alias jceu="journalctl -e -u"  #jump to the end of the journal for that unit
     
    Last edited: Sep 29, 2015
  12. AutoCascade

    AutoCascade Registered Member

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    Arch made a significant difference in the speed of Chromium but adding all the things I'm used to having by default wasn't my cup of tea but on the plus side I installed Mint LMDE and was able to install Grsec after wards. Do I need it? Maybe not but I'm trying it on for size. I don't believe there is much if any performance hit.
     
    Last edited: Sep 29, 2015
  13. Amanda

    Amanda Registered Member

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    I also didn't notice any performance hit. Do I need grsec? Probably not, but it's better to be protected and not need the protection than to need the protection and not be protected, right? :)
     
  14. kinder2

    kinder2 Registered Member

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    Just as I suspected, the tutorial does not work. I went through step by step with these problems.
    1. apt-get install patch bin86 kernel-package build-essential libncurses5-dev gcc-*-plugin-dev There is error of no gcc-*-plugin-dev found. I ignored it and continued.
    2. make-kpkg --initrd --append-to-version "grsec1.0" kernel_image There is error of no -- command recognized. I change the -- to single -, and now it give error of grsec1.0 not a target. No compiling done!

    Like I said someone need to update this crappy 2012 tutorial to 2015.
     
  15. UnknownK

    UnknownK Registered Member

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    You ought to do a bit of reading before saying something like this. This tutorial is not crappy, neither is it outdated. Just one thing has changed.
    I don't want to spell out the exact command, just read this:
    https://debian-handbook.info/browse/stable/sect.kernel-compilation.html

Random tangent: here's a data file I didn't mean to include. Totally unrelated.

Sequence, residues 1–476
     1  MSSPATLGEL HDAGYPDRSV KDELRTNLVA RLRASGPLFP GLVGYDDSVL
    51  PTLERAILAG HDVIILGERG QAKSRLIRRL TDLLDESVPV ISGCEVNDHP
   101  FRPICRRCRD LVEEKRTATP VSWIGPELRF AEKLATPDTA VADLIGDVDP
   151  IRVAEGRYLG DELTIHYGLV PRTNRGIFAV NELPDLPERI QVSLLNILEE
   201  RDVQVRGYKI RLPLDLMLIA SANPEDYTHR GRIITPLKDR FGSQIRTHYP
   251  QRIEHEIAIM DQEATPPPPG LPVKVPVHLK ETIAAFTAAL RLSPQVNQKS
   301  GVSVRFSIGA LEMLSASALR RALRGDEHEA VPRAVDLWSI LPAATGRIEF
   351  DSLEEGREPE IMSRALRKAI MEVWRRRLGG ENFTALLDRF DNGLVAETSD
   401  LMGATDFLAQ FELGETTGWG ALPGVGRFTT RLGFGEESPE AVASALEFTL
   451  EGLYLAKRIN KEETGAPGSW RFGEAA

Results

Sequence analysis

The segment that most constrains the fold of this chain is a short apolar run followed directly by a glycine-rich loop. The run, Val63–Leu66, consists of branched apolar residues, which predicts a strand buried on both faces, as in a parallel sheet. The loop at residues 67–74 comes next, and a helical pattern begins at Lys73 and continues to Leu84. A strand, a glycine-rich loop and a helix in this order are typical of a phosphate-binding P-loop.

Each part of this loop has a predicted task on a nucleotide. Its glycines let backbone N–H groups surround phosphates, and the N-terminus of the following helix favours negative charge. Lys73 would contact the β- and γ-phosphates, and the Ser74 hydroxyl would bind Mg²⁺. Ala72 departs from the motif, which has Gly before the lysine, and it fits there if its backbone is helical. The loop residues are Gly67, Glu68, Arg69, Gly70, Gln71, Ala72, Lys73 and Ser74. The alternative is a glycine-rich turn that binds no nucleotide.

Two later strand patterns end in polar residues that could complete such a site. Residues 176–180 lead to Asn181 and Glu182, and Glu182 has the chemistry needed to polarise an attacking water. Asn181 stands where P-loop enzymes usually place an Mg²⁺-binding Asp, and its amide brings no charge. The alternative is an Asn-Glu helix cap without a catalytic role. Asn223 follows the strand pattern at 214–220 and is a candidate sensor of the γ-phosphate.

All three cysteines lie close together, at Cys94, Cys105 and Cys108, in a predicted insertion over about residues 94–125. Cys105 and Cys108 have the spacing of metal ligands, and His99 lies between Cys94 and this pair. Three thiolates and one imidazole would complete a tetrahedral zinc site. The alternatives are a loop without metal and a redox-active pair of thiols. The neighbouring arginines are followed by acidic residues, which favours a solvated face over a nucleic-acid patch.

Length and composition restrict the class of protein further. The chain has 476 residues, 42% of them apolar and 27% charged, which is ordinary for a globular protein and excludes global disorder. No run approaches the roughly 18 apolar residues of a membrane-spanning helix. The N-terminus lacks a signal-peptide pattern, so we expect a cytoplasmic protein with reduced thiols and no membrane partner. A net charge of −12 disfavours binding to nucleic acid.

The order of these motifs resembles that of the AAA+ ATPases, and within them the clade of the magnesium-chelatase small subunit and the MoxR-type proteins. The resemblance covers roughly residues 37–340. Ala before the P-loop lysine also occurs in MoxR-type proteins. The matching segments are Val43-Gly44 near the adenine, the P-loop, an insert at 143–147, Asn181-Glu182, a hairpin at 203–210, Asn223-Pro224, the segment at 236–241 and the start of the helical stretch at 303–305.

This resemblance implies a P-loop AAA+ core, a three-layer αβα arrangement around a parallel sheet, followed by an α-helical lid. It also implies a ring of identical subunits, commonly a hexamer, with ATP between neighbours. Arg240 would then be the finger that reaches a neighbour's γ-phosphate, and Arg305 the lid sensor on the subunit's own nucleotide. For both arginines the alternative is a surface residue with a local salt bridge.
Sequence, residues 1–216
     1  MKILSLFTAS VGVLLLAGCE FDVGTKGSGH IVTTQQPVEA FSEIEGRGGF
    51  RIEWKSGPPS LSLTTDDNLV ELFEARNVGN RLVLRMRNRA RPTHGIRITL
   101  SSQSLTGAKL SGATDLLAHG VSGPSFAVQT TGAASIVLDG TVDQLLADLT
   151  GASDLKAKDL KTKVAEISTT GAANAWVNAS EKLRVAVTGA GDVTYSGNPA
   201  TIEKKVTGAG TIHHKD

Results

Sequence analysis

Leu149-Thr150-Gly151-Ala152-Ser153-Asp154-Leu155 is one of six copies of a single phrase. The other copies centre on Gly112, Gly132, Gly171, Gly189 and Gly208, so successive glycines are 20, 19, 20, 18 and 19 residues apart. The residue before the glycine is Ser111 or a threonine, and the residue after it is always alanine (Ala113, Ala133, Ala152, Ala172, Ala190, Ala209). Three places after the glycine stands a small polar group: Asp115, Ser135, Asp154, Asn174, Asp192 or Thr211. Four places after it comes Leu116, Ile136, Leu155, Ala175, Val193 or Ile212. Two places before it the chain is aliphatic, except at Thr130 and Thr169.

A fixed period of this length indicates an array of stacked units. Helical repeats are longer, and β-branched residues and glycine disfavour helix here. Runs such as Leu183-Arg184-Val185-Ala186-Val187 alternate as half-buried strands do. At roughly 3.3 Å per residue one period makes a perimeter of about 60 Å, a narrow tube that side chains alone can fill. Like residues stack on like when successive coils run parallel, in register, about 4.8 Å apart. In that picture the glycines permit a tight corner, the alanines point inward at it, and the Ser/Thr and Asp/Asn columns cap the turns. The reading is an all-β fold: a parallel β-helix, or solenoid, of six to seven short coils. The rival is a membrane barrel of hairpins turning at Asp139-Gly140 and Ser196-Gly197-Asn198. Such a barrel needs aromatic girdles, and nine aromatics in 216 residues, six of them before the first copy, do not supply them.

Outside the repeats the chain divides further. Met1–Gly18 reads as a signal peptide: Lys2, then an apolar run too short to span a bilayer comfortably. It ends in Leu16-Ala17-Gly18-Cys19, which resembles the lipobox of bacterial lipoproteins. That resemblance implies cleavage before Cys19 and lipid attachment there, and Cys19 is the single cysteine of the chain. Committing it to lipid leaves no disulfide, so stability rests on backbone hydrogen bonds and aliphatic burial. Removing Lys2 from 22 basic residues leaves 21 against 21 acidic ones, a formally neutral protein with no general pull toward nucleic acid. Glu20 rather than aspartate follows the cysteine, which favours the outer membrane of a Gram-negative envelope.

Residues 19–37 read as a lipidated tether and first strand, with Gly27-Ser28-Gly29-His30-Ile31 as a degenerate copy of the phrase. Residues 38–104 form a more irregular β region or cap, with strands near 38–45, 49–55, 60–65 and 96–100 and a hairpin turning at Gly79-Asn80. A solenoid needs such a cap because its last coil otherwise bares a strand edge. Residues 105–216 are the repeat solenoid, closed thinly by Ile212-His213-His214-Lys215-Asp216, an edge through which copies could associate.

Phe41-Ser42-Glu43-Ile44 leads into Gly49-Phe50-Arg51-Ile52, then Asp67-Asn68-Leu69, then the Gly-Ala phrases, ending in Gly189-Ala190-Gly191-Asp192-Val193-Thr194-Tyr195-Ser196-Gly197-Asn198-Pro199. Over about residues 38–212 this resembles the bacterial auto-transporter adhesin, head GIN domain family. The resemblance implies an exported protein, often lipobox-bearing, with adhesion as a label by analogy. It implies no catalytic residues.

16. summerheat

    summerheat Registered Member

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    Unfortunately, this seems to be a trend here among new Linux users ... :mad:
     
  17. kinder2

    kinder2 Registered Member

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    Why should I read all that when you, or the maker of that tutorial, can spell out the exact command which works? Takes you 10 seconds to type it out, takes me 30 minute to read that. After a hard day at work the last thing I wanna do is read wall of boring text to find a solution that might not work. Your response is typical of many Linux users, it take no skill to answer someone's problem by giving a textbook to read, the skill come from answering it with precise solution. I wait for someone helpful to make a new working tutorial.
     
    Last edited: Oct 5, 2015
  18. J_L

    J_L Registered Member

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    I've actually had the most RTFM responses asking questions at BSD or Virtualbox forums... Many times not even pointing out the specific command and instead telling me to read the whole section.

    Anyhow, I'm not sure why you specifically need Grsecurity in Ubuntu e al. Is AppArmor, FireJail, trusted repos, etc. not enough?
     
  19. UnknownK

    UnknownK Registered Member

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    Why should I, or anybody else, help someone who is not willing to help himself/herself? I gave you enough hint, if you just cared to read the last two lines of my reply you would have got it.

    Sorry, I can't help someone with this attitude. You name a tutorial crappy without understanding even an iota of it, you brand someone a "typical linux user" who took the time to write a reply pointing you towards the right direction.

    Anyway, I don't think you will be any more secure with Grsecurity et al. You don't want to understand, just click and forget. That's not how security, or anything else in the world, works.

    Others might help in a way that you think is helpful.
     
    Last edited: Oct 6, 2015
  20. UnknownK

    UnknownK Registered Member

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    Apples and oranges. The link I gave is not to a "RTFM" manual. It is a very readable, easy to understand handbook, also available in ebook format for those who like to read that way. Only one page to read, takes ten minutes, clearly says what used to be the case some times ago and what is now the case. If you still don't get it, you won't get it.
     
  21. Amanda

    Amanda Registered Member

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    @UnknownK Should we label him as "typical Windows user who wants his meat chewed on a plate"? :p

    @J_L Yeah, BSD forums and IRC can be a harsh place sometimes. But then again, they expect us to learn things and don't be a help-vampire, because that's the way they learned how to do things :D

    I too get upset when someone asks me simple things like "how do I update Ubuntu". I say "You know, DuckDuckGo is right there waiting for you to ask the same thing".
     
  22. kinder2

    kinder2 Registered Member